The Dolphin Show is super cool.  I'm particularly impressed by the dolphin who likes flipping in the air.  It's beautiful.  And the dolphins look to have a genuinely loving relationship with their trainers.  

After the Dolphin Show, we go through the Ocean Exhibit, which is really incredible.  We walk through the "tunnel" part and see fish all around us.  We go to "touch a shark and ray" exhibit (we have to maneuver the chair "upstream" against a bunch of people going the other way, but we manage it; Patterson's a champ) where another happy volunteer brings Molly around the side so she can reach over and touch a small shark.  

We finish this exhibit and ask someone (another happy volunteer) how to get the dog outside for toileting, and then bring him back in.  She says we have to go to the Guest Services Desk and get our tickets stamped, then exit (through the gift shop), let the dog do his business, then come back in through the zoo that was security.  This seems CRAZY.  Molly thinks it would be better if I do it myself, but that's an awful lot of me alone with the dog, and I have no idea if he'd listen to me giving him the toileting command.  We wonder if there's anything else we want to see in this aquarium, as we might as well just leave.  The happy volunteer suggests the one thing we should see are the Beluga Whales, upstairs.  We ask Patterson if he can keep his legs crossed for one last exhibit before we get out of there.

(Foreshadowing.  A valid storytelling technique.)

This volunteer doesn't quite know where the necessary elevator is, so hands us off to another one, who happily takes us upstairs, down a hallway, into a ballroom where there is a huge window through which you can watch the Beluga Whales.  A nice man in a Captain America hat offers to take our picture in front of them.  (The lighting sucks, but you get the idea.)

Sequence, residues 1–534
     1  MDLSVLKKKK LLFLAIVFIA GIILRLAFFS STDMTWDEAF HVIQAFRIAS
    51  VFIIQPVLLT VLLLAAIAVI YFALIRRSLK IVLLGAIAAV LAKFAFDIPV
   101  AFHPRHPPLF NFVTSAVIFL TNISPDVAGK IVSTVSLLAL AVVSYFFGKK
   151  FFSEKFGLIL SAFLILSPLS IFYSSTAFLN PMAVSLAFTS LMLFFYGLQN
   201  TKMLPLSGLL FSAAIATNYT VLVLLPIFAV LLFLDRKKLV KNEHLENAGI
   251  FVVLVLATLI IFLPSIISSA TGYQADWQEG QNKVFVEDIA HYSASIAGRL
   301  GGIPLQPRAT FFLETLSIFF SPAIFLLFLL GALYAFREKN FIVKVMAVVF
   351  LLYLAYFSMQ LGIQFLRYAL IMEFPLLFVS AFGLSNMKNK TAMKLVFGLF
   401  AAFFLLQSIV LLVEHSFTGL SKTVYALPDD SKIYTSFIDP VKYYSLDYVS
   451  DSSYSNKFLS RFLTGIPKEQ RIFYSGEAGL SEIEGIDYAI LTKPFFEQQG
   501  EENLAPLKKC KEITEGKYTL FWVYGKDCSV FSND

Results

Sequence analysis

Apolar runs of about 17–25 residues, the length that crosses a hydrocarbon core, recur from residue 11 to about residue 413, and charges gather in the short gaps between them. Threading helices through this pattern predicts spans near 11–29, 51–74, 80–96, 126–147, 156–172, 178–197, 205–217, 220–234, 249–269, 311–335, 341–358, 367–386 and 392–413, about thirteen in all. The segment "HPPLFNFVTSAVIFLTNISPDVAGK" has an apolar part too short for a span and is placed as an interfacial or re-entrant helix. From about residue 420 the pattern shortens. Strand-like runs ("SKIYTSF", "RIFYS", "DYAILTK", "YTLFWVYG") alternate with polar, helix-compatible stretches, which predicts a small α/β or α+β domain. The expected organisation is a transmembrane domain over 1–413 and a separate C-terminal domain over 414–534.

There are Tiger Sharks in another window in the same ballroom.  We look at them too.  We exit the ballroom and Patterson poops right there on the carpet.

I ... run to the nearest happy volunteer and politely inform him that the service dog had an accident.  He's remarkably cool with it, and goes for cleaning help.  Molly stays with Patterson and keeps pedestrians away from the, um, stuff.  In classic closing-barn-door-after-horses-gone action, I run our tickets downstairs to Guest Services, to get them stamped, so we can take the dog outside to tinkle.  (Hell, one accident was enough.)  But the first volunteer wasn't quite right -- it isn't your ticket that gets stamped, but your hand.  And while I have both our tickets, I only have my hands.  I get stamped, realizing that I'm going to have to take Patterson to pee, despite our best efforts to avoid this.

I get back upstairs.  The evidence is gone, and Molly is with yet another happy volunteer.  Now that my hand is stamped I reach for the leash, explaining that I've got to take Patterson outside to pee, and reluctantly headed downstairs toward the gift shop exit.  Not so fast.  THIS happy volunteer happily leads me and the dog (at a trot) out a secret back door into the parking lot, calling to the attendant along the way, "Service dog!  Long story!"  We take him outside; he does his business ("do you think that's enough?" asks the happy volunteer; "I have no idea" I reply, realizing that the two of us together have zero knowledge about Labrador bladder size); and we jog back in.  In retrospect, perhaps this whole thing would have been avoided if, when we'd asked the first volunteer how to get the dog outside for toileting, she'd have said, "Come with me and we'll do it right now."